Brown and his wife, Tyrah B. Brown, then 25, were arrested in Fort Myers Beach, Fla., in March 2007, accused of using Breaw’s debit card. Authorities seized a station wagon and a sailboat the Browns had purchased, allegedly with money they obtained from a $55,000 escrow check of Breaw’s that had been forged.
The couple returned to Idaho and were charged with first-degree murder; Tyrah Brown (right) pleaded guilty in February 2009 to harboring a wanted felon and theft by recovering/possessing stolen property and received light jail time and probation, according to court records.
Shortly after his arrest, Brown told the Bonner County Daily Bee that he was trying to get control of a .22-caliber rifle held by Breaw when he accidentally shot Breaw.
Voluntary manslaughter carries a maximum prison sentence of 15 years in Idaho. Brown is to be sentenced Nov. 5.
The lengthy case was linked to the resignation of a Bonner County Jail chaplain who publicly objected to an early ruling that Brown was mentally unfit to stand trial.
A Ferry County man faces at least 11 years in prison after a jury convicted him of recklessly killing a man who’d let him stay at his rural home.
Philip J. “Jeb” Strong was convicted Monday of first-degree manslaughter for the April 2007 death of Trent V. Irby, 37.
Strong had been living with Irby and Irby’s girlfriend at the home on Tonasket Creek Road about 20 miles north of Republic, Wash., but the couple had asked them to move out.
Strong claimed self defense and “claimed that he was harassed by the victim on numerous occasions leading up the use of force,” said Strong’s lawyer, Stephen Graham. Strong was originally convicted of second-degree murder, but that was overturned on appeal because the jury didn’t have the option of manslaughter, Graham said.
“The prosecution’s contention was that Strong simply snapped and went in there and executed the guy,” Graham said.
But Graham said Irby had a gun that his girlfriend hid from police, because both were felons prohibited from possessing firearms.
Strong has been in the Ferry County Jail since his arrest. He faces 11.5 to 13.5 years in prison when he’s sentenced today.
(Joel Mills/The Lewiston Tribune)
Sarah Parks’ family badly wants to know how she died.
With that in mind, they are supporting a plea agreement that will send her husband Silas Parks to prison for a maximum of 40 years, Latah County Prosecutor William Thompson Jr. said.
“I think at this point, in addition to wanting to be assured that an appropriate punishment is handed down, they also want to know exactly what happened,” Thompson said.
Silas Parks pleaded guilty Tuesday to two counts of voluntary manslaughter and one count of first-degree arson in connection with the death last year of his pregnant wife, Sarah Parks, a third-grade teacher at Moscow Charter School.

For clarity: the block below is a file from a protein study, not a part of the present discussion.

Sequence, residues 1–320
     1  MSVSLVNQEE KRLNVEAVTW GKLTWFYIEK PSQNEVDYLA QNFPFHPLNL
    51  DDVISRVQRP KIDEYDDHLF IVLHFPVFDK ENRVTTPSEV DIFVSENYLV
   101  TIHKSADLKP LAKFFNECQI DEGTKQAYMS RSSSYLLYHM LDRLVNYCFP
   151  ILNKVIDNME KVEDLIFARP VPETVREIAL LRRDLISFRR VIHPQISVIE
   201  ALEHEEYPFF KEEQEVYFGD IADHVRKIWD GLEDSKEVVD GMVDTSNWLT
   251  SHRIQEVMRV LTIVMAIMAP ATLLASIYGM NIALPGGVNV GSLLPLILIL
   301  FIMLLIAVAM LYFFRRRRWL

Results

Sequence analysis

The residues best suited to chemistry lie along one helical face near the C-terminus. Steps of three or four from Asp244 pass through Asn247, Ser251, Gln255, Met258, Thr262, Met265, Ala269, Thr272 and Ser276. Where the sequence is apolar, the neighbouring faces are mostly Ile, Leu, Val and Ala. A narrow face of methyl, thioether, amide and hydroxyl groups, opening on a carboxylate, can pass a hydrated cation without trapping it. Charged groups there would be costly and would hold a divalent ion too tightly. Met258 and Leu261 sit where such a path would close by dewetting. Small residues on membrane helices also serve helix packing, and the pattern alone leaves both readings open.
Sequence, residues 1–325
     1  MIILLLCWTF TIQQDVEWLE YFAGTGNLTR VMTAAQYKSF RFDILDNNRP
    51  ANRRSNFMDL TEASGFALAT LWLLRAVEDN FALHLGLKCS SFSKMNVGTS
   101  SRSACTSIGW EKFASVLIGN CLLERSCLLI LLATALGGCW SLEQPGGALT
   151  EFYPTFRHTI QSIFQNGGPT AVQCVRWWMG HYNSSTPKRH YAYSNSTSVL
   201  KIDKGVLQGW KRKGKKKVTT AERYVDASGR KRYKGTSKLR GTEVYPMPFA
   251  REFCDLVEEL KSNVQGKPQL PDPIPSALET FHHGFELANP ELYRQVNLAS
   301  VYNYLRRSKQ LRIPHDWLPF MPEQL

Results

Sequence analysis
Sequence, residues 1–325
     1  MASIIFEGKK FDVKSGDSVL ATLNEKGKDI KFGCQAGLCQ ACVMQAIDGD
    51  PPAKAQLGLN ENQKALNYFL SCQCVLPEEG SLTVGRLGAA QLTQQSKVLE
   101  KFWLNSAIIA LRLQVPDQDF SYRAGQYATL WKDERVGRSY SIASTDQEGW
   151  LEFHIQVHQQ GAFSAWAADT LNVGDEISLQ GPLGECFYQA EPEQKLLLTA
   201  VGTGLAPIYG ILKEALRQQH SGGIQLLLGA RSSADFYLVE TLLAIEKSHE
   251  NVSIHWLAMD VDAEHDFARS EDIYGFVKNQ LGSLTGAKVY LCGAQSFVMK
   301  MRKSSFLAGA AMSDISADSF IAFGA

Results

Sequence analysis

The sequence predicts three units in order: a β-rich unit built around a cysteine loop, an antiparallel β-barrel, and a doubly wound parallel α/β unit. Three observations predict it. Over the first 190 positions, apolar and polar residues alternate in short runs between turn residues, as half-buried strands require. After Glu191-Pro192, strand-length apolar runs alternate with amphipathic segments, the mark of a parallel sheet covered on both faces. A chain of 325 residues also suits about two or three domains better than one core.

Silas Parks, 26, of Kendrick, Idaho, was initially charged with two counts of first-degree murder and the arson count.
But a plea deal negotiated with the Latah County Prosecutor’s Office reduced the murder charges. It also stipulated that as part of a presentence investigation, Silas Parks will describe in detail how he killed Sarah Parks and then set fire to their Moscow duplex.
Read the rest of the Lewiston Tribune story here.
A man arrested in a fatal stabbing last year turned down a plea deal today that would have sent him to prison for two years on riot charges.
Instead, Christopher Harper, 28, will go to trial on one count of second-degree murder for the March 3, 2009, stabbing death of Michael ” Mickey” Lyng, 19. He was scheduled to be sentenced today but backed out, said his public defender, Al Rossi.
Trial is set for late February. Harper is the last of three defendants facing charges for Lyng’s death.
His younger brother, Joseph T. Harper, 25, was sentenced to 75 months in prison after pleading guilty to first-degree manslaughter in December. Robert T. Waters, 28, was sentenced to 65 months on Wednesday after pleading to the same charge.
“Each person who was arrested was in a little bit of a different circumstance,” Rossi said.
Joseph Harper stabbed Lyng in the upper back, but the fatal stab wound came from a larger knife wielded by one of his co-defendants, Harper’s public defender, Dick Sanger, said last month.
Chris Harper’s wife, Amie C. Schott, 20, is accused of driving the Harper brothers from the scene of the crime. She’s scheduled to go to trial next month on three counts of first-degree rendering criminal assistance.
Schott married Christopher Harper after he was in jail and unsuccessfully asked a judge in July to lift a no-contact order between them.
Lyng was at Joseph Harper’s home, 1008 W. Spofford Ave., when he stepped into a fight between Harper and another man over allegations that Harper had hit the man’s girlfriend.
Shortly after the fight, Lyng was at an apartment at 916 W. Augusta Ave. when he had a threatening telephone conversation with one of the defendants.
The three men showed up outside the apartment, and a brawl ensued before Lyng was stabbed.
Detectives recovered two knives – one from under the Maple Street Bridge – believed to be used in the killing.